And of course there are some who have been front and center, such as Jim McDermott and Ron Smith, who were instrumental in the strategy, design, and launch of this publication and to this day are still close advisers. Jim and Ron, thank you for all of your advice and support.

Internally, there’s Barb Kerr, who wears many hats at this company. But without question, the most challenging one is trying to keep me organized, and on schedule. Barb, thank you. Just remember that as a return gift, I’ve forced you to become a more patient person. 

Tonya Vinas and Heather Onorati have our brought our editorial product to a new level. You, our readers, have judged it to be the best in the business. As a result, I spend time tying to improve other parts of our business not running nearly as well.

Working closely with them is Megan Lasalla our designer and artist. Meg likes to say, “I want this layout to be pretty.” Assuming Erin moves forward with that fashion magazine, Megan should be her first phone call.  I know all of you will agree there isn’t a better-looking B2B magazine in the market. Thanks Meg.

There are literally hundreds of others to thank. But just as it starts during those Oscar speeches, the music is playing, so I have to conclude. I’m thankful for all of the people in my life. I’m just in a unique position to thank some of them here today. 

It’s that time of year, so take the time to let people know how much you appreciate them and thank them for all they do and have done for you.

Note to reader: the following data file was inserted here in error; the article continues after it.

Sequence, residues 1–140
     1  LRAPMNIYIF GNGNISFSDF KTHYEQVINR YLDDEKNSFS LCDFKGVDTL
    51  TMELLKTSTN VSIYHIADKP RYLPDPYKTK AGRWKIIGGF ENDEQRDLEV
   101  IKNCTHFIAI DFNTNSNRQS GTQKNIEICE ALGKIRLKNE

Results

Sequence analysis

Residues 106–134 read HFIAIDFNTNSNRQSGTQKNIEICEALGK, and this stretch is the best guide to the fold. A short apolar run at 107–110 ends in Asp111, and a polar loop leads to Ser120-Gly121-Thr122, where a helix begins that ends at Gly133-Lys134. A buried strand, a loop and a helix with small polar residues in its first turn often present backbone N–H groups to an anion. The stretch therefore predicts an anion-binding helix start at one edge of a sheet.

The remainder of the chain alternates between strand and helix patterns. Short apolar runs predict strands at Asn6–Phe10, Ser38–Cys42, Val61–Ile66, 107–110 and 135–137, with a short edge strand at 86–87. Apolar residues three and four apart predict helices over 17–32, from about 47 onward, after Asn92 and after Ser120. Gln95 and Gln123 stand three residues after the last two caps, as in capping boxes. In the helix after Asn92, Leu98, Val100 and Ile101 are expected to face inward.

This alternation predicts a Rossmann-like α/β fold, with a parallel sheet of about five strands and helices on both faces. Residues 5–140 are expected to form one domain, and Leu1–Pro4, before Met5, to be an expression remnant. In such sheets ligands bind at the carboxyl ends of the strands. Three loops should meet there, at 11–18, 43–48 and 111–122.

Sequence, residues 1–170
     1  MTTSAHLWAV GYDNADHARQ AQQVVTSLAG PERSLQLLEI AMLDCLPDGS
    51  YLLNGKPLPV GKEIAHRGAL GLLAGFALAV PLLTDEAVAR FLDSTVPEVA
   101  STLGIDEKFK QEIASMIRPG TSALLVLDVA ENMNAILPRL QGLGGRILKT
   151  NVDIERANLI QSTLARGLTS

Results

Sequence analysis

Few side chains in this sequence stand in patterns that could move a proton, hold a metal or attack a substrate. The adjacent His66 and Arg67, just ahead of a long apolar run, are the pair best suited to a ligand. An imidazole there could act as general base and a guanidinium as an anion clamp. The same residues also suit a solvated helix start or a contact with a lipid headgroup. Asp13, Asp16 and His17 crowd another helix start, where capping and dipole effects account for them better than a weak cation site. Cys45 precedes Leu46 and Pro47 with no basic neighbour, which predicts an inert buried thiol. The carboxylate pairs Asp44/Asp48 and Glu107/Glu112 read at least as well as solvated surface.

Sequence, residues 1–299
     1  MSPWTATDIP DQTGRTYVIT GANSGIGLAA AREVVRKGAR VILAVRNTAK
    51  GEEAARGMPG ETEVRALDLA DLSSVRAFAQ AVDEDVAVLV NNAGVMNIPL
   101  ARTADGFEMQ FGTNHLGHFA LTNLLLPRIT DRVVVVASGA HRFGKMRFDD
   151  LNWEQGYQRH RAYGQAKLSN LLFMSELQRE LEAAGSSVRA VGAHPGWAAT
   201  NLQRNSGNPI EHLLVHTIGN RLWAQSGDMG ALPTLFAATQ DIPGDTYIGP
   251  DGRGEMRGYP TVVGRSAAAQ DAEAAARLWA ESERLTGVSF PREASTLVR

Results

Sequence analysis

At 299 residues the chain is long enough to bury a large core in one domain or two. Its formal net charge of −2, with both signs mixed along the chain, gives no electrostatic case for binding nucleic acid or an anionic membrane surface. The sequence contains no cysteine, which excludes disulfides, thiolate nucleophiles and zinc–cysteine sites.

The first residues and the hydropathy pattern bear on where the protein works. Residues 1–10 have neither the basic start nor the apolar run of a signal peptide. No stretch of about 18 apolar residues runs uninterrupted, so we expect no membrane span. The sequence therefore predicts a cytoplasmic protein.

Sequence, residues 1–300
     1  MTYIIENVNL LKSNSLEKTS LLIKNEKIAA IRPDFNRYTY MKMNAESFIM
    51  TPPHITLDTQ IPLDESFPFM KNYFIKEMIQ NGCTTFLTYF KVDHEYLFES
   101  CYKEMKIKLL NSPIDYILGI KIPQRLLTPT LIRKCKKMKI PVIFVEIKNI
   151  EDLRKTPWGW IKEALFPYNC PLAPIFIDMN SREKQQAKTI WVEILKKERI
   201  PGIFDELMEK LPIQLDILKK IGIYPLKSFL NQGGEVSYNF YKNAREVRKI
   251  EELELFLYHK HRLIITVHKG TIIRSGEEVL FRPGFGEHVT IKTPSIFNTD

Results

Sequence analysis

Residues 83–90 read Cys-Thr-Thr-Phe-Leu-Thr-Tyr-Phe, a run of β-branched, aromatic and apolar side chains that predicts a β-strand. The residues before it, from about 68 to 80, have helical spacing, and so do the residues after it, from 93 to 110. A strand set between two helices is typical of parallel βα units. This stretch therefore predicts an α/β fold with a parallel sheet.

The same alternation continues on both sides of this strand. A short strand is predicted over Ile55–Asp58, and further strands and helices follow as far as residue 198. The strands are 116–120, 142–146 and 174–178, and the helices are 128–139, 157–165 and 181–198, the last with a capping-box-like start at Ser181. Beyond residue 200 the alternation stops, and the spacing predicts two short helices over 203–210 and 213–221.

Articles by Terry Tanker

20 Questions In Memory of Jack Hutchinson

It is with heavy hearts that HVACR Business announces the sudden passing of Jack Hutchinson, Vice President of Sales, on March 13, 2014. HVACR Business Publisher Terry Tanker collected memories from those who knew him well to create this month’s 20 Questions column. Jack had a charismatic, witty charm, and an often irreverent humor, making his family, friends, business associates, and even complete strangers laugh, and smile.
View article.

Winners and Losers


View article.

20 Questions with Tony Petrolle

HVACR Business Publisher Terry Tanker sat down with Tony Petrolle President of Gaithersburg Cooling & Heating (GAC), Bryant’s 2013 Dealer of the Year award winner. The two discussed acquiring a company, assembling the right team, and the development of a quality assurance team to provide employees with the best work environment and customers with the best products, service and support.
View article.

20 Questions with Mike Reilly, President and Owner, EWC Controls

HVACR Business Publisher Terry Tanker met with Mike Reilly, president and Owner of EWC Controls, to discuss manufacturing, family businesses, and how his company can help provide contractors solutions to customer problems.
View article.

Common Sense

Common sense – it’s simply knowing the difference between right and wrong. It entails a personal and subjective process of analyzing a situation and finding a solution that works. For most people I think it’s their first instinct, the rational thing they would do without giving the situation a thought. Again, I said for most people.
View article.